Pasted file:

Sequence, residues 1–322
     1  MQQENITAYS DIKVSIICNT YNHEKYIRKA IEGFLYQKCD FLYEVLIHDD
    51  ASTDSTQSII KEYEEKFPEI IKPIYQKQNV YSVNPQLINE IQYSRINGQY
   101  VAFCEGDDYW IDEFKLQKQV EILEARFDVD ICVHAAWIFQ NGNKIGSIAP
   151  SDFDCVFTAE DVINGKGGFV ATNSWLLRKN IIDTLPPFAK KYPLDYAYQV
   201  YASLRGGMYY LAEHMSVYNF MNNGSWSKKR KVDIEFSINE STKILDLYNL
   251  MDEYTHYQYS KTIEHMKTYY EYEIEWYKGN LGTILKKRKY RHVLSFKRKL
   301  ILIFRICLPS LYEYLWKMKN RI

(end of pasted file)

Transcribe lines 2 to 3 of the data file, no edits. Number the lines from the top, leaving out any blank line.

     1  MQQENITAYS DIKVSIICNT YNHEKYIRKA IEGFLYQKCD FLYEVLIHDD
    51  ASTDSTQSII KEYEEKFPEI IKPIYQKQNV YSVNPQLINE IQYSRINGQY